“Present day. Winter. Council tower block. Could be any estate in London.”


After the death of their mother, Gary (Fog) and Lou are put into care by their soldier father, Cannon. Ten years later Cannon returns to find a dysfunctional and damaged family whilst Fog’s closest friend, Michael, and his sister, Bernice, are taking great strides to improve themselves and their lives. Is it too little too late for Fog’s family or can they make good?

Toby Wharton (also playing Gary/Fog) and Tash Fairbanks’ script is intriguing and has some lovely moments but altogether it doesn’t feel quite finished. Emotions run high throughout the piece but seem to constantly be changing, usually before the audience has had time to fully register and appreciate the first. At times the writing doesn’t seem spontaneous enough and can come across as pre-planned and over-thought.

The set, which features slabs of concrete and a lone light bulb, works well to emphasise the idea of bleakness. Cannon’s flat is barely furnished and sterile while Michael’s mother’s home has a feeling of warmth (when all that is added is a framed photograph and a throw).

Benjamin Crawley’s performance as Michael was very enjoyable and strong. Crawley created a character that the audience can easily empathise with and his understated performance suited the intimate space of the Finborough perfectly. Victor Gardener as Cannon utilises the rapid change of emotion, written into the lines throughout the play, to his advantage and creates a very believable relationship with Fog. Gardner’s very presence is powerful. Toby Wharton’s Gary (Fog), however, didn’t sit quite right with me. Looking more 27 than 17, Wharton seems to pitch his voice higher in an attempt to capture the youth of Fog. Fog is a character caught between man and boy, trying to find his way in the world. I feel that more could have been made of this in Wharton’s choices.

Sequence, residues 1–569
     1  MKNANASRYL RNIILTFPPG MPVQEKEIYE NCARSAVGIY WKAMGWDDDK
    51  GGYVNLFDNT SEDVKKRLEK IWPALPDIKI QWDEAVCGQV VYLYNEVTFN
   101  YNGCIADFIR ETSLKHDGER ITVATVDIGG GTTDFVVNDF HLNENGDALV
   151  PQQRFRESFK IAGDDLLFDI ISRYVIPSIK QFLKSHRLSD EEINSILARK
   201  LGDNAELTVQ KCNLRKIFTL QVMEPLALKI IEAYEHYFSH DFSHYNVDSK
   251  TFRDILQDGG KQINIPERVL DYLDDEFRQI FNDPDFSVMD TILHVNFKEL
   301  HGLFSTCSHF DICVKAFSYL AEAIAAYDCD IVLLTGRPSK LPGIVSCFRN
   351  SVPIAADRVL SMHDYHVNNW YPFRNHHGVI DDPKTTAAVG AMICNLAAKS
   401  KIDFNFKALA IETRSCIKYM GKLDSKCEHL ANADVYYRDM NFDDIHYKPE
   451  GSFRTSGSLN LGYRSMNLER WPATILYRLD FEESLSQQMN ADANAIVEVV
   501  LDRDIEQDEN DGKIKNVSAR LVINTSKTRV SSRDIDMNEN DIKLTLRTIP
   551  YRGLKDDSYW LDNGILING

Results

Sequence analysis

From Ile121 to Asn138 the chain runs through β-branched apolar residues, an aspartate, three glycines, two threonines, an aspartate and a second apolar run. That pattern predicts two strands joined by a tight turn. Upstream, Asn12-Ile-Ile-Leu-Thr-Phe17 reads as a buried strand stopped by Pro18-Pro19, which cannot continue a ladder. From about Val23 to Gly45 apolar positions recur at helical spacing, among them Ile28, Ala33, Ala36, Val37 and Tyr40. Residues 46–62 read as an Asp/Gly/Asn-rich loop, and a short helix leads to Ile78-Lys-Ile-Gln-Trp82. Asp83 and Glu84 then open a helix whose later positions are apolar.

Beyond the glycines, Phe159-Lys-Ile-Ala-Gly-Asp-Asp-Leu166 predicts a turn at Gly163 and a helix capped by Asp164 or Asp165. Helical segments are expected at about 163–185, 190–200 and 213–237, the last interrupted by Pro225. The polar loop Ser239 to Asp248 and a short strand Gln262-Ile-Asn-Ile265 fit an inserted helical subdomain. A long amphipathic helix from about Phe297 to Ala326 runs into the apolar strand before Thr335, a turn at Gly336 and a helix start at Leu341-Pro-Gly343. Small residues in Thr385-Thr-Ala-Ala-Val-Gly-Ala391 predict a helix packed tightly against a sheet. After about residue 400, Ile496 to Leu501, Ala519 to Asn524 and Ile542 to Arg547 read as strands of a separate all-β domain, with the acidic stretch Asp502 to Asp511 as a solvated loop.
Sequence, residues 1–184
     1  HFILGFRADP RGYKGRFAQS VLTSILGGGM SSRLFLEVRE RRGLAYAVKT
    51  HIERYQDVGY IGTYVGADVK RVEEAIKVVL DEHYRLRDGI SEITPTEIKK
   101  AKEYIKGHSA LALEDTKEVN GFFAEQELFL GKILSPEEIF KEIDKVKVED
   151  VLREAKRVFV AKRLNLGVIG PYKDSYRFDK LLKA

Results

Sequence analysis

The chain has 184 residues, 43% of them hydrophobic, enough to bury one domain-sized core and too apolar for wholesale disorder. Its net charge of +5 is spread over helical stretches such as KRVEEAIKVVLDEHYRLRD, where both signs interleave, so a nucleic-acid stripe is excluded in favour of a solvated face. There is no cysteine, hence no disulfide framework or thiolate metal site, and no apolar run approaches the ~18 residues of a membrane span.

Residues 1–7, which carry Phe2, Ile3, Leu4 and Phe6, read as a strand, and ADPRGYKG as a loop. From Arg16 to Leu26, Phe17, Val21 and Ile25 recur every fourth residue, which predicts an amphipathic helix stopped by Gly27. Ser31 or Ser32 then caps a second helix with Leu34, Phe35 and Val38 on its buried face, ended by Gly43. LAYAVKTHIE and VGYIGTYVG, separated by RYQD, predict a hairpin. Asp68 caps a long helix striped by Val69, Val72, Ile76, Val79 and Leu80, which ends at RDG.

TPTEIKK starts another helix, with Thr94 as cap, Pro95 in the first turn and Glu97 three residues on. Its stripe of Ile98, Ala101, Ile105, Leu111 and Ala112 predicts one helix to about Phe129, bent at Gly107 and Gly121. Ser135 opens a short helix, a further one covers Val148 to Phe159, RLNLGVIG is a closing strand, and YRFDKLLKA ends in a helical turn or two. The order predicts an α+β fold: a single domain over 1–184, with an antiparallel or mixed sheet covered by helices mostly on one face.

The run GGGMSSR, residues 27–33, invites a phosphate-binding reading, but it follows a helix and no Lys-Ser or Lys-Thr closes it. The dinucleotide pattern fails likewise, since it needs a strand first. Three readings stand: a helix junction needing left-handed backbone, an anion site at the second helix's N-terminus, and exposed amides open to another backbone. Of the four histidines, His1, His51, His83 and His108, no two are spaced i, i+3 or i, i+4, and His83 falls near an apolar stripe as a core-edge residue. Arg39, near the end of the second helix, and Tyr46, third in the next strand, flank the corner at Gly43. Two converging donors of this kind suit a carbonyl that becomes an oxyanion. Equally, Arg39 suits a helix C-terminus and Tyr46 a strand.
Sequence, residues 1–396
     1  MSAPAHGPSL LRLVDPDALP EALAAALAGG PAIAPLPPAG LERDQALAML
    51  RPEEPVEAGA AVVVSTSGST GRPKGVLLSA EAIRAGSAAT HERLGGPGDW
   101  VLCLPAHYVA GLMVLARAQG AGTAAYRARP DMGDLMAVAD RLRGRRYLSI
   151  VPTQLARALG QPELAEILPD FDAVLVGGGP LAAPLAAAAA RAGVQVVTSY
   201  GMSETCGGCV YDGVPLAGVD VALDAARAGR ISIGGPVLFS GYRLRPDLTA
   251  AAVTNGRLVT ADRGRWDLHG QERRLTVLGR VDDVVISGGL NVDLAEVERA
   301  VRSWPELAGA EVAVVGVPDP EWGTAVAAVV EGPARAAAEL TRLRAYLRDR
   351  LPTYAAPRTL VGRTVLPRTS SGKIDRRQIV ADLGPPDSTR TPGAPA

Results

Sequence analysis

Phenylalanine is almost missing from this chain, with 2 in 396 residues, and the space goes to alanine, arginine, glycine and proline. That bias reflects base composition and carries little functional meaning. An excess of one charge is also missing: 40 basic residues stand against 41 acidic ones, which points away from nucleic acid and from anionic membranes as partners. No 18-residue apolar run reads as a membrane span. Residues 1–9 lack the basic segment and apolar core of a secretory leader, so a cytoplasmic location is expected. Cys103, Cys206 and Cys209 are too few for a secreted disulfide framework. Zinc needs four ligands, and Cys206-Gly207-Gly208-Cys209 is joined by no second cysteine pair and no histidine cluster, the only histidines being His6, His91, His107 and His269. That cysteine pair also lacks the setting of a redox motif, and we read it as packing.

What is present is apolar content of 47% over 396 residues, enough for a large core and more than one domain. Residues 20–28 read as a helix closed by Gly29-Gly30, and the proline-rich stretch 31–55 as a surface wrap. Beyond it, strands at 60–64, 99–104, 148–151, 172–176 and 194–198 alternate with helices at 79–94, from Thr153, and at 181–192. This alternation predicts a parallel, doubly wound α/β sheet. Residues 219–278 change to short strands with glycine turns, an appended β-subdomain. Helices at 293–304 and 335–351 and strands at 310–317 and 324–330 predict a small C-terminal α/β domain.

Fog feels unfinished but with more work on character relationships, emotion and spontaneity this piece could become something to watch. An intriguing piece that hopefully will be developed further.

Fog is playing at the Finborough Theatre until 28th January. For more information and tickets, see the Finborough Theatre website.